Tuesday 2 January 2018

REVIEW: Come to Grief / Fistula & Fistula / -(16)- [Splits]

By: Ernesto Aguilar

Album Type: Split
Date Released: 29/12/2017
Label: PATAC Records


“Come to Grief | Fistula” & “Fistula | -(16)-“ Split 7”//CS//DD track listing

1). Come to Grief – “Take Me In My Sleep”
2). Fistula – “Confusion”

1). Fistula – “Mongoloid” (Devo)
2). -(16)-  “Complications” (Killing Joke)

The Review:

In a year of conflict and uncertainty, one thing came out clear as anything: legendary Ohio sludge crew Fistula did not piss away the end of 2017 binge watching garbage on Netflix. Nope. In fact, the band dove headfirst into creating new music. It is featured as part of a new seven-inch series, where the band is paired up with other veteran acts – Maine four-piece Come to Grief and Los Angeles long-timers -(16)- for sonic adventures aplenty.

The pair of singles begins with Come to Grief's entry, a dense and dangerous cut built around Jonathan Hébert's searing vocals and the brawny guitar of Terry Savastano. "Take Me In My Sleep" is deceptively powerful. From the slow climb of its opening, Come to Grief maintains a thick and ominous rhythm throughout this song. As fans may recall, the quartet arose from the ashes of the 1990s group Grief, reconstituting to some range the songs for that group written by Savastano, and which include former Grief drummer Chuck Conlon. However, it was evident even early on that the new incarnation is not a tribute band, but an altogether intriguing evolution of the progenitor's classic sound. Much credit for this growth is to some degree owed to the presence of Hébert behind the microphone. His voice demands your attention and obedience, with a wiry snarl and dexterous attack. With a foundation ballasted by Conlon and bassist Tim Simpson, "Take Me In My Sleep" is a lethal selection for this seven-inch.

Speaking of veteran experience, -(16)- makes their presence felt on the second seven-inch, employing its renowned sludge prowess with slicing riffs, grave soil dark bass and vocals that rattle you like kicking a pile of spent bullet shells across a concrete floor. In the hands of -(16)-, a song by iconic post-punk clan Killing Joke is not just a particularly savage cover, but a fearless reimagining of some of the English band's best work. The showcase player here is Bobby Ferry, whose guitar plows through this originally brisk paced song with a hint of speed yet still faithful to what -(16)- does best. Similarly Cris Jerue's singing takes a page from Jaz Coleman, yet blows open the doors to put his band's stamp on this rendition. With Barney Firks on bass and Dion Thurman at the drum kit, -(16)- shows new and stalwart fans just how effectively the group is able to rejuvenate this material.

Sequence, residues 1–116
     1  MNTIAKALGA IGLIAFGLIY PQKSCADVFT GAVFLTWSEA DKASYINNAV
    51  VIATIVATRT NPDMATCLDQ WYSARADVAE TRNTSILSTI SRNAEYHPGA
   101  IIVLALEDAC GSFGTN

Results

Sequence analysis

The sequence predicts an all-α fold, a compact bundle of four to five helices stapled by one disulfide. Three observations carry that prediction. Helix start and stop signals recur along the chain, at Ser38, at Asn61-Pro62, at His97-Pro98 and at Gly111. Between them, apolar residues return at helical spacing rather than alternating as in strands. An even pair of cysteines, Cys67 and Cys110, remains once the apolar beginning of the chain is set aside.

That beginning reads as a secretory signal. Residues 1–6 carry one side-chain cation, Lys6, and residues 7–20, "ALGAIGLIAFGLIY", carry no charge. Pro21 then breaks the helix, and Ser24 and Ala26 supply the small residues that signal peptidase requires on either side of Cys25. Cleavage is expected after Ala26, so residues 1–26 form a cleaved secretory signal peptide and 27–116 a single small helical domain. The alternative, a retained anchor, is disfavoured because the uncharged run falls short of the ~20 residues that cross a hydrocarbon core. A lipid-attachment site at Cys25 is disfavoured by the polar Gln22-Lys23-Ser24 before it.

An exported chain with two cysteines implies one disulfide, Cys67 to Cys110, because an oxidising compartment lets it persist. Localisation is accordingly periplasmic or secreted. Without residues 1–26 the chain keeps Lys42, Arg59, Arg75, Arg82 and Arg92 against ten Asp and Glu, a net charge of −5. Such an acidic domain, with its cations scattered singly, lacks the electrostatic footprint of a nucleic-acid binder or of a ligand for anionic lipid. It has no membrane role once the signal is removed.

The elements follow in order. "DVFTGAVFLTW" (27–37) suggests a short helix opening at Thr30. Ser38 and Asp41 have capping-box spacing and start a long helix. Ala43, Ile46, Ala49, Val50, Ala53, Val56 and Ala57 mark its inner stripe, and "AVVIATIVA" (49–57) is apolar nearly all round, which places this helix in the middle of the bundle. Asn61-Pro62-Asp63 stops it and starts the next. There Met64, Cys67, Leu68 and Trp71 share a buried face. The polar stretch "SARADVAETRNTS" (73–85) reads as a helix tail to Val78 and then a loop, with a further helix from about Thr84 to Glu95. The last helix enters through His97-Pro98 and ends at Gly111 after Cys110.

These tracks – and the sheer quality of the performers – taken in, it is evident that Fistula has quite a high bar to meet on what is a marquee placement for the band.

If you are familiar with the Devo song Fistula covers on that split with -(16)-, the 1994 track is one of those sublime post-rock/electronic hybrids that made the band innovators so visionary, as well as one of the best known Rock & Roll Hall of Fame snubs. It is a bold choice; its early-math rock guitar and slinky synths could be hard to pull off for a band loved for its sludge. Where it works best is when Fistula are faithful to the original, with just that hint of vacant eyed stare that made them such a musical terror. With a similarly terse beginning, it's into a straight-ahead mashing of guitars and boiling-over vocals. Fistula are wildly accurate with their strikes – a driving rhythm section is met at flourishes by effects, growls punctuate the mood with urgency, and, in less than three-and-a-half minutes, the squad owns the song.

It is its original music, however, where Fistula delivers its real coup de grace. "Contusion" is its selection from the split with Come to Grief, and it delivers a delicious mix of sludge, with a hint of hardcore and doom. A pulsing bass courtesy of Greg Peel undergirds the impenetrable riffs, while Dan Harrington's anguished vocals command your focus. As a quintet, the group uses all its instruments to their fullest potential; dual guitars, drums and bass stretch out across the nearly six-minute track and set a pensive mood, only to recoil with fury again and again as the song cranks up and finally down. You have a lot to look forward to in the next release from one of sludge's best.

Both Splits are available here

Band info: fistula || -(16)- || Come To Grief